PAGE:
秦基博 – Hata Motohiro

Hata Motohiro is the Japanese equivalent of the likes of James Morrison, James Blunt or any other male singer-songwriter who sells himself with their warm and husky vocal tones and unwinding acoustic guitar backdrop. The Yokohama bred singer’s voice is like no other in the Japanese musical landscape. The mahogany, rusty character that blends well with the classic soft-rock arrangements infuses a new life in the genre itself and the audible consciousness of listeners.

The earthiness and emotional depth achieved by Hata transcends those of his contemporaries. 僕らをつなぐもの ‘Bokura wo Tsunagu mono’ (‘The thing that connects us’) is a true-to-form saccharine love song filled with waves of lush strings, a sepia-shaded acoustic guitar accompaniment and a lyrical vocal melody, all of which are ingredients that could cast one’s mind back to the ballads of Elton John.

To add to his already distinct musical personality, his alluring vocal range that extends to falsetto proportions plays a considerable role in subtly lifting the emotional stratosphere of songs like メトロフィルム ‘Metro Film’, and that warmth of feeling surely resonate around the listener’s heart.

Hata’s musical palette has a good variety that takes the listener through a gentle roller coaster, perhaps determined by the array of influences that Hata looks up to. キミ、メグル、ボク ‘Kimi, Meguru, Boku’ (‘You, Turn, Me’) and its rhythmic propulsion, colourful instrumentation (in particular the addition of an electric organ) and the emotionally amplified chorus melody captures the rock ‘n’ roll era of Rod Stewart to great potential. By contrast, ひまわりの約束 ‘Himawari no Yakusoku’ (‘Promise of a Sunflower’) is a mellow number, opening with a sweet guitar phrase that reverberates a John Mayer-like sensation that blankets the listener in an intimate and pleasant affair. The song gradually makes way for a cradle-rocking drum line, sumptuous melodic phrases from the violins. It also demonstrates Hata’s virtuous lyrical writing and his ability to encapsulate the narrative and morals of the movie it was written for (the movie ‘Stand by me Doraemon’).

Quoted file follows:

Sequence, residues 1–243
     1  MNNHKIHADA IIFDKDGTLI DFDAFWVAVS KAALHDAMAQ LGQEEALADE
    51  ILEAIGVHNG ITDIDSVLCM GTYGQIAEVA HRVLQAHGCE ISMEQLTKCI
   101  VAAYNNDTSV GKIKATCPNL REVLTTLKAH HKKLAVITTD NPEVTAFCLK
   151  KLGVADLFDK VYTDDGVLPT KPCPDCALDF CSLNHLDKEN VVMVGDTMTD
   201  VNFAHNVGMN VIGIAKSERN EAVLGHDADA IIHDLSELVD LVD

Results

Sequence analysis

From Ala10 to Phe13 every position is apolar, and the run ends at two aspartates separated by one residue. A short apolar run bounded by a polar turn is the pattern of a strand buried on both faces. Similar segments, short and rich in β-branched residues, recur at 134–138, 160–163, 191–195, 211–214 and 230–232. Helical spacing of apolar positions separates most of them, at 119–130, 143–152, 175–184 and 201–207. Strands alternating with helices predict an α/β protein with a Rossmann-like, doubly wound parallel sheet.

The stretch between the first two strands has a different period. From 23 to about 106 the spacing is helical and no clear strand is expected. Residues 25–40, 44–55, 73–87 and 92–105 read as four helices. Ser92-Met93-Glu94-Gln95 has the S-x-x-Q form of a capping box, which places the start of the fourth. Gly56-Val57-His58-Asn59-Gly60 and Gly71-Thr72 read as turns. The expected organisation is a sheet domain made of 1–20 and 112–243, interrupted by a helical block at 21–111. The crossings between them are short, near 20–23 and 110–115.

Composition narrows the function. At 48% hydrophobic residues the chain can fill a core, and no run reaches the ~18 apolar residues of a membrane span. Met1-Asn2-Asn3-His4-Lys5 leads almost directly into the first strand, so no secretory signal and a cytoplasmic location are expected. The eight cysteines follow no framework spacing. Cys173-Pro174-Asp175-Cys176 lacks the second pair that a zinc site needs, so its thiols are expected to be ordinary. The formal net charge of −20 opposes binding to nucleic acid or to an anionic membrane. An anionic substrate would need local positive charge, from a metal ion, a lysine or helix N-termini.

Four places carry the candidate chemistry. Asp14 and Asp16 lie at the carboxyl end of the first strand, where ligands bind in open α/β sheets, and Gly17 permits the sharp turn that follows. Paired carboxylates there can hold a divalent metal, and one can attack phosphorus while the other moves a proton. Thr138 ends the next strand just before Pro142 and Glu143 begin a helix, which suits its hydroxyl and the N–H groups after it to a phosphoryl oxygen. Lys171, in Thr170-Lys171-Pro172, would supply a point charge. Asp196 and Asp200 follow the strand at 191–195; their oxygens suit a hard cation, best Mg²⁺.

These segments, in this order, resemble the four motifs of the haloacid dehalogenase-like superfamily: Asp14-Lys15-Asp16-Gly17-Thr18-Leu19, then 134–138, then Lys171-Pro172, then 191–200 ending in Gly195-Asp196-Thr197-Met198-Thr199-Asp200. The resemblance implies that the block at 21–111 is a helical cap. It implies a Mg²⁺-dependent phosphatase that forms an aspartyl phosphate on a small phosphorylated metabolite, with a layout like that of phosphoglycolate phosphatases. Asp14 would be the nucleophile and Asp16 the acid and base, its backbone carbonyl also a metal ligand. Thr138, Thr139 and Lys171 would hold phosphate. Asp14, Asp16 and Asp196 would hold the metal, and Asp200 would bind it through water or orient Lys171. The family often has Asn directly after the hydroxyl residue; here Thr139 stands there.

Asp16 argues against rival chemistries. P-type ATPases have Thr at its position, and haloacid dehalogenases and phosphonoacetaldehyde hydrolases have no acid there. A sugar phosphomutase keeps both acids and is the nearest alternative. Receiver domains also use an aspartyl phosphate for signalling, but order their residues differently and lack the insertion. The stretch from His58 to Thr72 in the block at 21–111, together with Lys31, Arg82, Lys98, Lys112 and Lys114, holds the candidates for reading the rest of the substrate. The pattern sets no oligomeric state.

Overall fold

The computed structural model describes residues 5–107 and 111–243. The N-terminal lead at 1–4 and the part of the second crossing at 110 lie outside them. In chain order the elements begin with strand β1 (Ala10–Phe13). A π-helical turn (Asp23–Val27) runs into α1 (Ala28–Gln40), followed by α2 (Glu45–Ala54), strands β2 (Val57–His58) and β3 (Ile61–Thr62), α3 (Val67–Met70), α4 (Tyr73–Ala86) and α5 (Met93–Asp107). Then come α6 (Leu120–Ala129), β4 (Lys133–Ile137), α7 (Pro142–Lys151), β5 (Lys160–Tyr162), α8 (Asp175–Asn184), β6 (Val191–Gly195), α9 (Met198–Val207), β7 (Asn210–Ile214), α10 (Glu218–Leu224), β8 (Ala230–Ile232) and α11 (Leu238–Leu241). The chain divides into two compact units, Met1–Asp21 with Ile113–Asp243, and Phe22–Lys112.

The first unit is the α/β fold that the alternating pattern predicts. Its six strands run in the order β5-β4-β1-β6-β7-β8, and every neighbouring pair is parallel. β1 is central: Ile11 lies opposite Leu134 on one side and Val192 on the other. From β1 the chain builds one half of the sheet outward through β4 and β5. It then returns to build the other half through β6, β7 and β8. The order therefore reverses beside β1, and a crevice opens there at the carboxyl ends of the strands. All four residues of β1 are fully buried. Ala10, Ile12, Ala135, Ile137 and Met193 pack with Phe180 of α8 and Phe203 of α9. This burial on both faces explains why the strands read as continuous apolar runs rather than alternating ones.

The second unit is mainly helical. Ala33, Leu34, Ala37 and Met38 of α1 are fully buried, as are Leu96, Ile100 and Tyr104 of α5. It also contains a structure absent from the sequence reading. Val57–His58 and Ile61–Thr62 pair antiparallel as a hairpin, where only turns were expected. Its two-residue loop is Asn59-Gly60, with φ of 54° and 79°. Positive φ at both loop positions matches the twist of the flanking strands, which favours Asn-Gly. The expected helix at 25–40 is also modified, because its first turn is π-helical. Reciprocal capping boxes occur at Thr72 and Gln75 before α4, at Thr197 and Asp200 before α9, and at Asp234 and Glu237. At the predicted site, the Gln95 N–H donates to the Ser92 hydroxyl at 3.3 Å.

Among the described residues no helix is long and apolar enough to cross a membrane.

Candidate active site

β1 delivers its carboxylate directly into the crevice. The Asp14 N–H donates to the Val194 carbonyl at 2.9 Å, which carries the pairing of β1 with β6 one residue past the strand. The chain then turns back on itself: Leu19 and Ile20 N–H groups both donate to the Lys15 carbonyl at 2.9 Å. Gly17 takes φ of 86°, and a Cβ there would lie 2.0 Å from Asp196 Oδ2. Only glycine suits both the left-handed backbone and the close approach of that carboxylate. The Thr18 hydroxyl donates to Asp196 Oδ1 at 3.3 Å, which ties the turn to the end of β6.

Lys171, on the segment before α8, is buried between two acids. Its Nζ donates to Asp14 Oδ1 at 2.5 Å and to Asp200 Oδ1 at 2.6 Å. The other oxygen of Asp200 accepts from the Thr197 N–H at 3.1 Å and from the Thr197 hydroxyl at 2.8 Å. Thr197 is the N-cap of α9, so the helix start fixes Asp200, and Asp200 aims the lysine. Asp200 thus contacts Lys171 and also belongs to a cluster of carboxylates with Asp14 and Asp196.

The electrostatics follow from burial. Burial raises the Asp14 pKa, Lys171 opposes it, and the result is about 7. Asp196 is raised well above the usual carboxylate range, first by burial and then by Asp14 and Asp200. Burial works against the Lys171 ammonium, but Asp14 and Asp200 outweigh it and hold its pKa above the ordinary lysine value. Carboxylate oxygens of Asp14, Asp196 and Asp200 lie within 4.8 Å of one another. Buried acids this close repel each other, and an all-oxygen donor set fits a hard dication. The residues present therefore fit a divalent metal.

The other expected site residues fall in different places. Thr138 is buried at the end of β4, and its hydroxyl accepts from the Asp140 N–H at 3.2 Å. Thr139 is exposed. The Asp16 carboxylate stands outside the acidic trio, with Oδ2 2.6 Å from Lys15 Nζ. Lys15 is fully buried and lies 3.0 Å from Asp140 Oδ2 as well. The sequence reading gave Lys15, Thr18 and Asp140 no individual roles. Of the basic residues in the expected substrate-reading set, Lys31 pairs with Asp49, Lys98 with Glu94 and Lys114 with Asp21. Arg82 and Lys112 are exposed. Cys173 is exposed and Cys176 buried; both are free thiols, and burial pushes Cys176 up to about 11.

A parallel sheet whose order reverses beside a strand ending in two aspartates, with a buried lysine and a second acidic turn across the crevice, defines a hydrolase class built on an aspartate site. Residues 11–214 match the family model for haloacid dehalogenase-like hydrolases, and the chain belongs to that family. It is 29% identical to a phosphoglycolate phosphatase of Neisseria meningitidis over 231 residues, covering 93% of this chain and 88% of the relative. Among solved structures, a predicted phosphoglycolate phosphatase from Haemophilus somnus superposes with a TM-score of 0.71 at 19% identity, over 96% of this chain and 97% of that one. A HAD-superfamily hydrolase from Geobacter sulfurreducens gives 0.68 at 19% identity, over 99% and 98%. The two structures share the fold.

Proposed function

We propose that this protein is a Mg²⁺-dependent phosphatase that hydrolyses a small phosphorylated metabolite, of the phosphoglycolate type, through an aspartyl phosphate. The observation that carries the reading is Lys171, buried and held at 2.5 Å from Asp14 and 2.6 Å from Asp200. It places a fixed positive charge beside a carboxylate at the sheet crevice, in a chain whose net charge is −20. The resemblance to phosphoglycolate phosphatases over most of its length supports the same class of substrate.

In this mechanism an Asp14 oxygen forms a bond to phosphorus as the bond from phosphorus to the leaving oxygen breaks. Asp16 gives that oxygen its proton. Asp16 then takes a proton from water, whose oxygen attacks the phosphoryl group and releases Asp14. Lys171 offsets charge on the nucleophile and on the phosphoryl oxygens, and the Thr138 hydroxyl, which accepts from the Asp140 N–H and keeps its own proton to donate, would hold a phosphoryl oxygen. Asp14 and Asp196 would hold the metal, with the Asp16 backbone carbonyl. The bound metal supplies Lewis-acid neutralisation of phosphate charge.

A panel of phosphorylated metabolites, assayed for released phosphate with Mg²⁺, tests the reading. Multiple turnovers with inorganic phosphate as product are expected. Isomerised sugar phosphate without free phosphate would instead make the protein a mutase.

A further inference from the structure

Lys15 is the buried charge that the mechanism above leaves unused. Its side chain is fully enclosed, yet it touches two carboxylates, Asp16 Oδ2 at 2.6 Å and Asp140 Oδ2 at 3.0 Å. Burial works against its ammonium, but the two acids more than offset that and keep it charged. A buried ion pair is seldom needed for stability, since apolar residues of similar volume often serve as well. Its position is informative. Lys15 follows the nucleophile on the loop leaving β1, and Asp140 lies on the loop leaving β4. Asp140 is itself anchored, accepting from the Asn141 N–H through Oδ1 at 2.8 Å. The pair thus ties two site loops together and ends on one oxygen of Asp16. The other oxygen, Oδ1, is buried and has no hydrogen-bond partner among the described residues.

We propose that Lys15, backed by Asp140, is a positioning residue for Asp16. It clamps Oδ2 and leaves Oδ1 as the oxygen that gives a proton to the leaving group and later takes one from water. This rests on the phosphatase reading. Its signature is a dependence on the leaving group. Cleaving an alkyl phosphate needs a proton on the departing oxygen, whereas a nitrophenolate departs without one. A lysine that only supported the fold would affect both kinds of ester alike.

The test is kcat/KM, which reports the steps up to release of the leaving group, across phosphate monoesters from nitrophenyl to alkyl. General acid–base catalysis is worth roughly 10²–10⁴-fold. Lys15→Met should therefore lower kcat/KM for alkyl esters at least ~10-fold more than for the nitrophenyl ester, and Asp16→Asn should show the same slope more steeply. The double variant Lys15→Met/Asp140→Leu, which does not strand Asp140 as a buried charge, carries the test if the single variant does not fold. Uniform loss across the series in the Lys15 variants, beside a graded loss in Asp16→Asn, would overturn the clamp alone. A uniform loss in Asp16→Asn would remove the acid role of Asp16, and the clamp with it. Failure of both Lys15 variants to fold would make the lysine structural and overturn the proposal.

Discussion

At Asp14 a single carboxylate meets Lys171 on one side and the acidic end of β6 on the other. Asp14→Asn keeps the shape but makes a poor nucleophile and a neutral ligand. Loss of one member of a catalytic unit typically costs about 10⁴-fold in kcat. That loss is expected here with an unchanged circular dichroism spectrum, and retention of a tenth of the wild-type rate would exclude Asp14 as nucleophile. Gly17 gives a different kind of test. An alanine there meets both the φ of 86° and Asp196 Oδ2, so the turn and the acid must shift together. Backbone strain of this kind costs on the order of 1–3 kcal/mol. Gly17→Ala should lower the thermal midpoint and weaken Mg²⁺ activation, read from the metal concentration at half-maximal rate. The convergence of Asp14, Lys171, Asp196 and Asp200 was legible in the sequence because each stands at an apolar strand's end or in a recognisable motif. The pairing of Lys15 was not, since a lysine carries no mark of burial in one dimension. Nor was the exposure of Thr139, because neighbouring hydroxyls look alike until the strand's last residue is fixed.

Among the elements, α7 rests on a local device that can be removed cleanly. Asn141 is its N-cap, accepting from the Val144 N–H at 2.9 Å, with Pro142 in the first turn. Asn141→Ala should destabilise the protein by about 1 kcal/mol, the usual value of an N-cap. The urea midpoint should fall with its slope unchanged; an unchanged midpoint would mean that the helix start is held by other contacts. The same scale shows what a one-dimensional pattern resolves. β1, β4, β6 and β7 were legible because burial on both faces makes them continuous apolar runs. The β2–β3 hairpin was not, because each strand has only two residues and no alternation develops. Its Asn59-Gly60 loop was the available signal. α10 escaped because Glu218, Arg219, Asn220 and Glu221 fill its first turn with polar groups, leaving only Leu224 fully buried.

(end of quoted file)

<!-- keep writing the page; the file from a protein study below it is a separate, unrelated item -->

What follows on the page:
Hata Motohiro has successfully engraved his name on the Japanese singer-songwriter ‘wall of sound’, as he manages to find a balance between the universal charm of guitar-driven soft rock arrangements and his efforts to bring a fresh perspective of the Japanese singer-songwriter tradition.

Other Listening:

  • Rain
  • 朝が来る前に Asa Ga Kuru Mae Ni (‘Before the Morning Comes’)
  • 水彩の月 Suisai no Tsuki (‘The Watercoloured Moon’)

© Isaku Takahashi

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